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Over 700 finance terms, Shmooped to perfection.
The difference between an accredited college and an unaccredited college can be the difference between Princeton and the School of Feel Good Energy your Great-Aunt Bertha set up in her garage last year. Accredited investors work on a similar idea: a bunch of someones have come along and agreed that accredited investors have a bunch of qualifications or meet a bunch of rules.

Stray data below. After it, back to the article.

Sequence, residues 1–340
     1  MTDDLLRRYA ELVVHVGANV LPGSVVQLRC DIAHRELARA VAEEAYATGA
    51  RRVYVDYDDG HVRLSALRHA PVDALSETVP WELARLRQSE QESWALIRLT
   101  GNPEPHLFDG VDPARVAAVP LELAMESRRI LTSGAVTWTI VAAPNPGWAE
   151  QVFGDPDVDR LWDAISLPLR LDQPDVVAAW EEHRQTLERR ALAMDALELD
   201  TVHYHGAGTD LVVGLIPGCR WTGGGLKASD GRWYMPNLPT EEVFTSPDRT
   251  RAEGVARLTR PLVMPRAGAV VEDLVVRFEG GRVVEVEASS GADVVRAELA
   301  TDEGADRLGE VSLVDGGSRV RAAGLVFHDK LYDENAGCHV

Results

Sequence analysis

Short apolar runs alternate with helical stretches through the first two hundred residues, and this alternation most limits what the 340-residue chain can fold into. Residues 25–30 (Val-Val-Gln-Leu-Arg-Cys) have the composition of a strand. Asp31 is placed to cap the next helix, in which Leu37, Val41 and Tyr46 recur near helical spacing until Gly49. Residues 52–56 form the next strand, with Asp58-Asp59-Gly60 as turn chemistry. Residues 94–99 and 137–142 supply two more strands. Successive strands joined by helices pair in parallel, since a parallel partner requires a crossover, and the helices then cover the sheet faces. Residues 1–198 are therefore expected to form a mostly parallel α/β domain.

So accredited investors are simply investors who qualify to do a certain investment. Usually "accredited" means that they have... credit. Or assets. Or wampum. Or knowledge. Which means that they're big boys and girls who are able to invest a large amount of money in a risky venture.
Officially, they're investors who have an income of at least $200,000 for the past two years ($300,000 for joint accredited investors); or have a net worth of at least $1,000,000 (individually or jointly); or are executives, partners, or directors of the entity issuing securities. Institutional investors such as mutual funds, hedge funds, and pension funds also fit the bill.